4. McCormack S, Dunn DT, Desai M, et al. Pre-exposure prophylaxis to prevent the acquisition of HIV-1 infection (PROUD): effectiveness results from the pilot phase of a pragmatic open-label randomised trial. Lancet. 2016;387:53–60.
5. Baeten JM, Donnell D, Ndase P, et al. Antiretroviral prophylaxis for HIV prevention in heterosexual men and women. N Engl J Med. 2012;367:399–410.
6. Thigpen MC, Kebaabetswe PM, Paxton LA, et al. Antiretroviral preexposure prophylaxis for heterosexual HIV transmission in Botswana. N Engl J Med. 2012;367:423–434.
7. Fonner VA, Dalglish SL, Kennedy CE, et al. Effectiveness and safety of oral HIV preexposure prophylaxis for all populations. AIDS. 2016;30:1973–1983.
8. Anderson PL, Glidden DV, Liu A, et al. Emtricitabine-tenofovir concentrations and pre-exposure prophylaxis efficacy in men who have sex with men. Sci Transl Med. 2012;4:151ra125.
9. Donnell D, Baeten JM, Bumpus NN, et al. HIV protective efficacy and correlates of tenofovir blood concentrations in a clinical trial of PrEP for HIV prevention. J Acquir Immune Defic Syndr. 2014;66:340–348.
10. Dai JY, Hendrix CW, Richardson BA, et al. Pharmacological measures of treatment adherence and risk of HIV infection in the VOICE study. J Infect Dis. 2016;213:335–342.
11. Castillo-Mancilla JR, Zheng JH, Rower JE, et al. Tenofovir, emtricitabine, and tenofovir diphosphate in dried blood spots for determining recent and cumulative drug exposure. AIDS Res Hum Retroviruses. 2013;29:384–390.
12. Gandhi M, Glidden DV, Mayer K, et al. Association of age, baseline kidney function, and medication exposure with declines in creatinine clearance on pre-exposure prophylaxis: an observational cohort study. Lancet HIV. 2016;3:e521–e528.
13. Liu AY, Yang Q, Huang Y, et al. Strong relationship between oral dose and tenofovir hair levels in a randomized trial: hair as a potential adherence measure for pre-exposure prophylaxis (PrEP). PLoS One. 2014;9:e83736.
14. Markowitz M, Evering TH, Garmon D, et al. A randomized open-label study of 3- versus 5-drug combination antiretroviral therapy in newly HIV-1-infected individuals. J Acquir Immune Defic Syndr. 2014;66:140–147.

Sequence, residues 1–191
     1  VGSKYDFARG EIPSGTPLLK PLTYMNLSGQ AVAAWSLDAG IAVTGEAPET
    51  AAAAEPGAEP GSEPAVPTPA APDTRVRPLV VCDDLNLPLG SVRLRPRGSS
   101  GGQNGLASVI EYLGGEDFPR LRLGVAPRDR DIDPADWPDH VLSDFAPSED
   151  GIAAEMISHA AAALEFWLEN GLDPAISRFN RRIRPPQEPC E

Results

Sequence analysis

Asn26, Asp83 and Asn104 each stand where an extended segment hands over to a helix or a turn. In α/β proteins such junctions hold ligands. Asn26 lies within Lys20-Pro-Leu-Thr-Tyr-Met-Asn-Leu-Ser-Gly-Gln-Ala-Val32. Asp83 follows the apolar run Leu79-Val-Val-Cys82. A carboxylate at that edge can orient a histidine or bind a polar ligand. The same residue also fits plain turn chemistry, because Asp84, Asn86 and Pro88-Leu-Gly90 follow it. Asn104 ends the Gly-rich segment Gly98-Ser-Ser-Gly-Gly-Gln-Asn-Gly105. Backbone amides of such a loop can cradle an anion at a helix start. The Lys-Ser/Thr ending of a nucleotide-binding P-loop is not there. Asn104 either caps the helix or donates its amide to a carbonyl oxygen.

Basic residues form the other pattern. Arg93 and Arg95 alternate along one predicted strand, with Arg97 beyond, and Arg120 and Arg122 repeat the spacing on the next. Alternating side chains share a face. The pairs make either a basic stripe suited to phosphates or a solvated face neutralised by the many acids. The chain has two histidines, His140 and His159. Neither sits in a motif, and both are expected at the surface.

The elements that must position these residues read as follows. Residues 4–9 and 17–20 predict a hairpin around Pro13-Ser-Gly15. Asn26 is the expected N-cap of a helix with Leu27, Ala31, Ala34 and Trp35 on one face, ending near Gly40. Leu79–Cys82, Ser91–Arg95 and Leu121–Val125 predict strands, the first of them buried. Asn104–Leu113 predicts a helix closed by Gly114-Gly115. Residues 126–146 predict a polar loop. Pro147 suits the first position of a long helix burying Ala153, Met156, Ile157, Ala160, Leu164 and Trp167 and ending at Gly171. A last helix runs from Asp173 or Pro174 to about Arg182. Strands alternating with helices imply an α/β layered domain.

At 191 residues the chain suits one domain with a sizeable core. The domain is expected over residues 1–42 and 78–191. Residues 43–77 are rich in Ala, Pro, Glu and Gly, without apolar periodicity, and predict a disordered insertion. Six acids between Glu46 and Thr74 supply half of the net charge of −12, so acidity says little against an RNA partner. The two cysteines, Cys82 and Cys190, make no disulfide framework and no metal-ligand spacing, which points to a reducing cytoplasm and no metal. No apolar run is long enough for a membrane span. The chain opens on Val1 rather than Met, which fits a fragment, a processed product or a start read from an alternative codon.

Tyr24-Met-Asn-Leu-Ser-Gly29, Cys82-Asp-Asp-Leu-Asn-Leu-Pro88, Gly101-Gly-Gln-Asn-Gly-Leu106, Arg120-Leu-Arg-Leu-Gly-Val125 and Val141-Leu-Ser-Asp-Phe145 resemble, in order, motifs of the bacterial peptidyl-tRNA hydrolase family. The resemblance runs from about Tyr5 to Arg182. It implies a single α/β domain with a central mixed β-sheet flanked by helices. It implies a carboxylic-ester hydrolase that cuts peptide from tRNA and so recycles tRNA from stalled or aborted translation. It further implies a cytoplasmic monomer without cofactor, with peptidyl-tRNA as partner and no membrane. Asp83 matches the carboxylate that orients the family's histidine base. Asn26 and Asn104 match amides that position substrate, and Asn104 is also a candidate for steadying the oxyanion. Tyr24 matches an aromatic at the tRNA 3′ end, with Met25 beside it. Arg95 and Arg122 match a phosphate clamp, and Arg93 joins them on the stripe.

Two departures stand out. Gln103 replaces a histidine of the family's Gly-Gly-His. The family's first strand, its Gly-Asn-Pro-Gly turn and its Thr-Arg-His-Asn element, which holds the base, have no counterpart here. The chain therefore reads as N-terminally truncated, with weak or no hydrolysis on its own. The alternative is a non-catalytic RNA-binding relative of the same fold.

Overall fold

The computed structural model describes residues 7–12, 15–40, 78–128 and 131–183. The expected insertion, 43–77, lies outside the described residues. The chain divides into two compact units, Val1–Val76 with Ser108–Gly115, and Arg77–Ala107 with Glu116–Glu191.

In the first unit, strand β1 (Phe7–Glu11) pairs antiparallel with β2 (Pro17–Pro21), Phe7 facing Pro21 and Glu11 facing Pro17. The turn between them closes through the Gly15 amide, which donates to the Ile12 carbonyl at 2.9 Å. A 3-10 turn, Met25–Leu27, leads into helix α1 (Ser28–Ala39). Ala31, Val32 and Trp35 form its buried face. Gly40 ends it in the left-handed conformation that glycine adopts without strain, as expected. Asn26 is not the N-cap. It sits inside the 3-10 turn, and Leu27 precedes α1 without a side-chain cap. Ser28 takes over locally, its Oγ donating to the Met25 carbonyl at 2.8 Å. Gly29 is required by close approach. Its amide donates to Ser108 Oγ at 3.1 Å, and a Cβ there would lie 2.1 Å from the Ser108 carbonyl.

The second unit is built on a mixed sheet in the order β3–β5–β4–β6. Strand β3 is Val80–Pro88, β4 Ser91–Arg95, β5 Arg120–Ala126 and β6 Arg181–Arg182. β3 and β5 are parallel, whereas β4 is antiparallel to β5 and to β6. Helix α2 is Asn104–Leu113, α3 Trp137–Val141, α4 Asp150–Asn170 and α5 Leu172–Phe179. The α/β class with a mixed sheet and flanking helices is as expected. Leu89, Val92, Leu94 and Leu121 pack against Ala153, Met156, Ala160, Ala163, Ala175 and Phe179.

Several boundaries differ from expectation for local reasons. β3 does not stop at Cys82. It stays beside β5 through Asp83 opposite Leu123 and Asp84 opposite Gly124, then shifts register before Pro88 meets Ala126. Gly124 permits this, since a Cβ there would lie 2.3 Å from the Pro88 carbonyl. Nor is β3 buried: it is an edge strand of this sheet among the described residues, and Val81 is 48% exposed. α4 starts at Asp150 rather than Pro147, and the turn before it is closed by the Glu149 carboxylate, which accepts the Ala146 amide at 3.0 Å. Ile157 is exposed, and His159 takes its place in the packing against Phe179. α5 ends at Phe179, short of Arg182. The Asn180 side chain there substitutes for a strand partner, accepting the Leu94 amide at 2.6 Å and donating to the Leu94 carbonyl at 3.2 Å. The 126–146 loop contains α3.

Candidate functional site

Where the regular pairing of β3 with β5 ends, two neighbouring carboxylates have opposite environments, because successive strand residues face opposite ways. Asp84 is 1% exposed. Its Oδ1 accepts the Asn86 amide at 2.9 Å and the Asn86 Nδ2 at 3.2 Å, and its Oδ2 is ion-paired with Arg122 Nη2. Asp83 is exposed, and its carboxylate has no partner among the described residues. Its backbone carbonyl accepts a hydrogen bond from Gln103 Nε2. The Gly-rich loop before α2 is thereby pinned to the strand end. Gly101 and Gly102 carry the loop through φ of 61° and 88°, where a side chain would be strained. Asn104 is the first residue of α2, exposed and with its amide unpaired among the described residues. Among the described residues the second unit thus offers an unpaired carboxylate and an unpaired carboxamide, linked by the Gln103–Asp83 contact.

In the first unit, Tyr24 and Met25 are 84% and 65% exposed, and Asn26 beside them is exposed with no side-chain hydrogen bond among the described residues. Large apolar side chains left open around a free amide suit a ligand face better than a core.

15. Rhee SY, Gonzales MJ, Kantor R, et al. Human immunodeficiency virus reverse transcriptase and protease sequence database. Nucleic Acids Res. 2003;31:298–303.
16. Knox DC, Anderson PL, Harrigan PR, et al. Multidrug-resistant HIV-1 infection despite preexposure prophylaxis. N Engl J Med. 2017;376:501–502.
17. Patel P, Borkowf CB, Brooks JT, et al. Estimating per-act HIV transmission risk: a systematic review. AIDS. 2014;28:1509–1519.
18. de Souza MS, Pinyakorn S, Akapirat S, et al. Initiation of antiretroviral therapy during acute HIV-1 infection leads to a high rate of nonreactive HIV serology. Clin Infect Dis. 2016;63:555–561.
19. Prada N, Davis B, Jean-Pierre P, et al. Drug-susceptible HIV-1 infection despite intermittent fixed-dose combination tenofovir/emtricitabine as prophylaxis is associated with low-level viremia, delayed seroconversion, and an attenuated clinical course. J Acquir Immune Defic Syndr. 2008;49:117–122.
20. Branson BM, Owen SM, Wesolowski LG, et al. Centers for Disease Control and Prevention and Association of Public Health Laboratories: Laboratory Testing for the Diagnosis of HIV Infection: Updated Recommendations; 2014. Available at: http://stacks.cdc.gov/view/cdc/23447. Accessed September 19, 2017.
21. Hoornenborg E, de Bree GJ. Acute Infection With a Wild-Type HIV-1 Virus in PrEP User With High TDF Levels. Conference on Retroviruses and Opportunistic Infections; February 13–16, 2017. Seattle, WA; 2017.
22. Castor D, Low A, Evering T, et al. Transmitted drug resistance and phylogenetic relationships among acute and early HIV-1-infected individuals in New York City. J Acquir Immune Defic Syndr. 2012;61:1–8.
23. Shet A, Berry L, Mohri H, et al. Tracking the prevalence of transmitted antiretroviral drug-resistant HIV-1: a decade of experience. J Acquir Immune Defic Syndr. 2006;41:439–446.

Supplemental Digital Content

Back to Top | Article Outline
Copyright © 2017 Wolters Kluwer Health, Inc. All rights reserved.